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Archaeologists find oldest ever example of systematic coal use by humans

Scientists suspect ancient people took to coal to meet demands of expanding metallurgical activity

Vishwam Sankaran
Tuesday 01 August 2023 10:37 BST
Related video: Hydrogen Energy Industry in Zhangjiakou, China

A new archaeological study has revealed the earliest ever systematic mining and exploitation of coal by humans for fuel.

Humans have been in the search for new sources of fuel to exploit for energy since their origins with plants being used initially about 790,000 years ago, and later wood, charcoal and dung widely used as fuel.

Now, the new study published recently in Science Advances has revealed that the earlier mining operations occurred in northwestern China about 3,600 years ago.

Coal became more important in the Chinese Song Dynasty about 990 to 670 years ago, and later played an instrumental role in the European Industrial Revolution.

While previous research has pointed to sporadic combustion of coal for fuel in some prehistoric archaeological sites, the time since humans systematically began using it has remained unclear.

Until now, the earliest reliable record in the form of textual evidence that exists for the systematic exploitation of coal for fuel is from the Chinese Han Dynasty about 2152 to 1730 years ago.

While some scholars have also asserted that coal may have been used in a few locations during the Bronze Age of northern China about 4000 to 3000 years ago, detailed and reliable archaeological context has remained elusive.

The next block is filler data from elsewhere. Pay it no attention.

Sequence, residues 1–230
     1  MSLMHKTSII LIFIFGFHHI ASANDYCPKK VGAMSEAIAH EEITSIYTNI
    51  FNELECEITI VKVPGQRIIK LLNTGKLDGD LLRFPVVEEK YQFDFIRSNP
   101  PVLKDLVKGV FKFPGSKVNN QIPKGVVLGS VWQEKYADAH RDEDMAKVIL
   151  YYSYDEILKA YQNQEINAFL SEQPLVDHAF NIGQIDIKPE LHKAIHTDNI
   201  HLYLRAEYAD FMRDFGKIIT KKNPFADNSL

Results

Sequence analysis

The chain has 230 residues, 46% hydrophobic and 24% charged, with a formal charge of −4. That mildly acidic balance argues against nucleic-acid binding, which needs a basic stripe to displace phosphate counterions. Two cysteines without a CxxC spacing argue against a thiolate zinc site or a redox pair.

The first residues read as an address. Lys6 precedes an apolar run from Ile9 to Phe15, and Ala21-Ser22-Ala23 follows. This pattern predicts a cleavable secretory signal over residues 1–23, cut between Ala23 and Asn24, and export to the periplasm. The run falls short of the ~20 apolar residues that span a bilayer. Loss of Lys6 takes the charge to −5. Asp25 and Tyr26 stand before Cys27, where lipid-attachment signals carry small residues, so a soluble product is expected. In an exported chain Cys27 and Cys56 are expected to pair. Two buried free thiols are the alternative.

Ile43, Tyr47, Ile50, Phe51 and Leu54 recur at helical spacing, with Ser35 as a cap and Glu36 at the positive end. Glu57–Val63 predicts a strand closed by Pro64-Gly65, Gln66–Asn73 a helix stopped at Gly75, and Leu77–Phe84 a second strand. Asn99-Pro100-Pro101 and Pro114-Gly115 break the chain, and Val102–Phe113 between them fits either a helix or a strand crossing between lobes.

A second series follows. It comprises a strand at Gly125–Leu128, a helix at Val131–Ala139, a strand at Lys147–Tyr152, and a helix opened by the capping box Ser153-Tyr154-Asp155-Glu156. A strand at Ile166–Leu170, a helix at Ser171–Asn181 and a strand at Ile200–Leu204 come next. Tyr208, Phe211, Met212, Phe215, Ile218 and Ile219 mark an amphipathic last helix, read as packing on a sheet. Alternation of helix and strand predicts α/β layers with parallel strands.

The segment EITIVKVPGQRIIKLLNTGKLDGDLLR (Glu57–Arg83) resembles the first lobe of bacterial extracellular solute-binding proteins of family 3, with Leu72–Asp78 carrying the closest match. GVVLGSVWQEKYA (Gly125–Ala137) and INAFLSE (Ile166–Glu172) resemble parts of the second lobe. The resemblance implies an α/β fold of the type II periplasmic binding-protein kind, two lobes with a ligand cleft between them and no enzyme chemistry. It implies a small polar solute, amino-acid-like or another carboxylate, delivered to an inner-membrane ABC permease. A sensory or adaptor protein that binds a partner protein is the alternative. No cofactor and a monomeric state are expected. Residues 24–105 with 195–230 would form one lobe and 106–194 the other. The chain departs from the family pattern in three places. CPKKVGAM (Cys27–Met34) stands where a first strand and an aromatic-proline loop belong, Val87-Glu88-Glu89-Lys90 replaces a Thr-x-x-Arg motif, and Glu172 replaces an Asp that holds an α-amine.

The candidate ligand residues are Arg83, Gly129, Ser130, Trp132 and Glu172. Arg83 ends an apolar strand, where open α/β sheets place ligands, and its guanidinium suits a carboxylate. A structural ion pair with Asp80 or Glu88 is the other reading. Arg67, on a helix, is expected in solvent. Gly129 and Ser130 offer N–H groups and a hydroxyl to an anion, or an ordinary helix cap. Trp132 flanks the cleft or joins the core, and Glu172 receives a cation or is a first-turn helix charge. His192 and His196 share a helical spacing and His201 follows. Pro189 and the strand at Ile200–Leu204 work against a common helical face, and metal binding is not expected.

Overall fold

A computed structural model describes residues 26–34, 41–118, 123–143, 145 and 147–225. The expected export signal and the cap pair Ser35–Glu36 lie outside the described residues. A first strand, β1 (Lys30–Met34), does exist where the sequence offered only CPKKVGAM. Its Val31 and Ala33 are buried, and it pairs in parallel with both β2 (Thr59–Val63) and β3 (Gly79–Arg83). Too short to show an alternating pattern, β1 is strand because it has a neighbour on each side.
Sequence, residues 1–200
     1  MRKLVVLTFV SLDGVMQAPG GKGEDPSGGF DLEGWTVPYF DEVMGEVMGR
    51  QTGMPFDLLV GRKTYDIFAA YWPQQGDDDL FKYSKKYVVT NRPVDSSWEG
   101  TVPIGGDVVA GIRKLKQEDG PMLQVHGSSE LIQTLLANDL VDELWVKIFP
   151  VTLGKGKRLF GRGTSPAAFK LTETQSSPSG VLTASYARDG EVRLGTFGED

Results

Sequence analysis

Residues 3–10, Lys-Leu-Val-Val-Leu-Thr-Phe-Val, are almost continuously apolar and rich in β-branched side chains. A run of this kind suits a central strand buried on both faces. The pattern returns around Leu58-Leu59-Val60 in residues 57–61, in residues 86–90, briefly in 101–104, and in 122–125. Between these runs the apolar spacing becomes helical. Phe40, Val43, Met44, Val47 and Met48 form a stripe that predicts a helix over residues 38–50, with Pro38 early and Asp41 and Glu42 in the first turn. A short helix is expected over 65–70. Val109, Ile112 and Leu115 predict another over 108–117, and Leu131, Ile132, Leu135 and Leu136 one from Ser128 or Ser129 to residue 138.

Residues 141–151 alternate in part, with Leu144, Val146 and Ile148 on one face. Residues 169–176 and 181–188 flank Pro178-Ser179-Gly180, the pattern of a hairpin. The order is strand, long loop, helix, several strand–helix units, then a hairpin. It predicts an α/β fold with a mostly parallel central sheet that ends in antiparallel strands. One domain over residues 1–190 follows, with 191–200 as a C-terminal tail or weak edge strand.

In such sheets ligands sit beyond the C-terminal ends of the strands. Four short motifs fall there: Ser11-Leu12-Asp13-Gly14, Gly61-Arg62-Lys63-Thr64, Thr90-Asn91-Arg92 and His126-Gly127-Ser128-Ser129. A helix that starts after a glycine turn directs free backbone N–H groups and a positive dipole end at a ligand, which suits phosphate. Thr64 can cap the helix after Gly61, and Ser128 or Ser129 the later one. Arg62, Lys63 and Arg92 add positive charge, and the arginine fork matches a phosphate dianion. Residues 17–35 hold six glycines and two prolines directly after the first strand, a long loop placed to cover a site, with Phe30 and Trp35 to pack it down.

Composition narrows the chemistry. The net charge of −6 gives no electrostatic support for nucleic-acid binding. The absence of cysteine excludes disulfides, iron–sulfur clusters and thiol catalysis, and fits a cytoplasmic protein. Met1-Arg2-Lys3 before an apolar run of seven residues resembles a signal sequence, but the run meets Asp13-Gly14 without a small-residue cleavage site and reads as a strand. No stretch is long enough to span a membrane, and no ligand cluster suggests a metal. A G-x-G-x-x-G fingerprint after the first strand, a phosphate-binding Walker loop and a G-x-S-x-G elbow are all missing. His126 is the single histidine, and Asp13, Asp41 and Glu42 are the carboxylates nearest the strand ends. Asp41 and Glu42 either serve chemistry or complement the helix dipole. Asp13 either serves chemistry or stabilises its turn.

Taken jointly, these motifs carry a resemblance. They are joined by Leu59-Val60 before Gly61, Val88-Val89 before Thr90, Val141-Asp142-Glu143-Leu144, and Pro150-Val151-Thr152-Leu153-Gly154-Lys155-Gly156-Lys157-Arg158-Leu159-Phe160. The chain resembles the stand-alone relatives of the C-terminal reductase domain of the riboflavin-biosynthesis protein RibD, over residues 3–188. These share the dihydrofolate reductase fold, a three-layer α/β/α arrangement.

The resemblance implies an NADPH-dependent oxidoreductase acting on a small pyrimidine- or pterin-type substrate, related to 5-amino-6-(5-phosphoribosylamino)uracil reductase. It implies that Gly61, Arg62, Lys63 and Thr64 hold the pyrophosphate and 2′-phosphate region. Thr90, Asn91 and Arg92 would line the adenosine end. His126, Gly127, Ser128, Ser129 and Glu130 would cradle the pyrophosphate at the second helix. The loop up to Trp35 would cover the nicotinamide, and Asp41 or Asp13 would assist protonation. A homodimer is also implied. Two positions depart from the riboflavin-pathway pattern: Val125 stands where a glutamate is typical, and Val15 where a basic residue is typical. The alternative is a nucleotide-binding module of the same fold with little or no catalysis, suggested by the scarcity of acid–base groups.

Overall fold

Now, a new analysis at the Bronze Age site called Jirentaigoukou in China’s Xinjiang Autonomous Region provides a fresh peek into the history of early coal use by humans.

Here, scientists have now found coal in various forms throughout the archaeological site near China’s Kashi river, which they said was a bustling settlement about 3,600 and 2,900 years ago.

Researchers found evidence that, starting from about 3,800 years ago, ancient people of the region began cultivating multiple crops and the domestication of multiple types of livestock along with complex bronze working.

These led to a dramatically enhanced complexity and resilience of local societies, with further expansion of their metallurgical activity that required more supply of fuel resources.

The study suggested that the coal used here during the ancient time period was accessible to everyone as a shared resource regardless of an individual’s social status or occupation in this settlement.

“I imagine they must have tried burning the coal from all these sites, and then discovered some had better quality than others,” study co-author Guanghui Dong from Lanzhou University in China told Science.

Scientists conducted a field survey to better understand how prehistoric inhabitants exploited coal as their primary fuel resource.

The new survey of the site suggested colder conditions during the time resulted in a receding and narrowing conifer forest belt that reduced the supply of wood resources in the area.

Scientists suspect the early societies of the region took to coal to meet the demands of their expanding metallurgical activity, which they later developed into a well-planned system for extracting and using the fuel.

“We argue that the intense demand for fuel energy brought by a larger community and metallurgical production, together with a more limited supply of wood resources, escalated the conflict between local society and the environment, which finally triggered a break with local tradition in the form of adapting an alternative energy resource, the coal,” they wrote.

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